Yemen's Armed Forces have put oil companies operating in Saudi Arabia and the United Arab Emirates on notice, warning that they could be targeted as long as Riyadh and its allies fail to commit to a proper ceasefire.
Tweeting on Sunday, the Armed Forces' spokesman Brigadier General Yahya Saree said Yemeni troops were providing the oil companies with a window of opportunity to leave the Saudi and Emirati soils "fast."
The Saudi kingdom and its allies, most notably the United Arab Emirates, have been waging a war against Yemen since March 2015, trying, in vain, to restore Yemen's power to its former Riyadh-friendly officials. The military campaign, which has been enjoying unstinting arms, logistical, and political support from the United States, has killed hundreds of thousands of people, and turned the entire Yemen into the scene of the world's worst humanitarian crisis.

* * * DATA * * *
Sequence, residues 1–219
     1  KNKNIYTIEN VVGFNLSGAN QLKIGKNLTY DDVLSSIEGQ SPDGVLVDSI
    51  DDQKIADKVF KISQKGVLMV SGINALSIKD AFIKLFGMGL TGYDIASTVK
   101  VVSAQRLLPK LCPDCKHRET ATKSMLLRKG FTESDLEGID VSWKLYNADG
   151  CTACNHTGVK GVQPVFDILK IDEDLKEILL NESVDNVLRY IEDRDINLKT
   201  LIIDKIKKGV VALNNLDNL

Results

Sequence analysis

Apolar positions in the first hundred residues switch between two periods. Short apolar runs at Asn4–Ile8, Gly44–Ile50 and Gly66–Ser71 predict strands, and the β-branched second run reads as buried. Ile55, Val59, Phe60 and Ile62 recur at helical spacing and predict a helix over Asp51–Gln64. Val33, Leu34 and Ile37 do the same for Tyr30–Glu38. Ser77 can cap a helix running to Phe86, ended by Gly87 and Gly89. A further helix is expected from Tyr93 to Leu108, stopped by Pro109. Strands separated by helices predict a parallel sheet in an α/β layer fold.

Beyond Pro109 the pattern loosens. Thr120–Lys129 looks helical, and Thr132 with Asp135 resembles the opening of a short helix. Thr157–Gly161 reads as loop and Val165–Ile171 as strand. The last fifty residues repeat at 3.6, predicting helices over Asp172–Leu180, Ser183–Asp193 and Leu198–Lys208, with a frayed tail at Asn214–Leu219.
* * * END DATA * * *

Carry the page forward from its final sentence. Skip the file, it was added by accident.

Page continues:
A temporary United Nations-mediated ceasefire took effect between the warring sides in April and has been renewed twice ever since. The truce, however, expired on Sunday amid the invading coalition's constant violations of the agreement and its refusal to properly lift a siege that it has been enforcing against Yemen simultaneously with the war.
"The warning," Saree said, "stands as long as the countries that make up the invading American-Saudi coalition refuse to adhere to a ceasefire that allows the Yemeni people to exploit their oil wealth...."
Also on Sunday, Hans Grundberg, the United Nations' special envoy for Yemen, confirmed failure of efforts aimed at extending the truce.
"The UN special envoy regrets that an agreement has not been reached today, as an extended and expanded truce would provide additional critical benefits to the population," a statement said.
"I urge [the warring parties] to fulfill their obligation to the Yemeni people to pursue every avenue for peace," the Swedish diplomat was quoted as saying.
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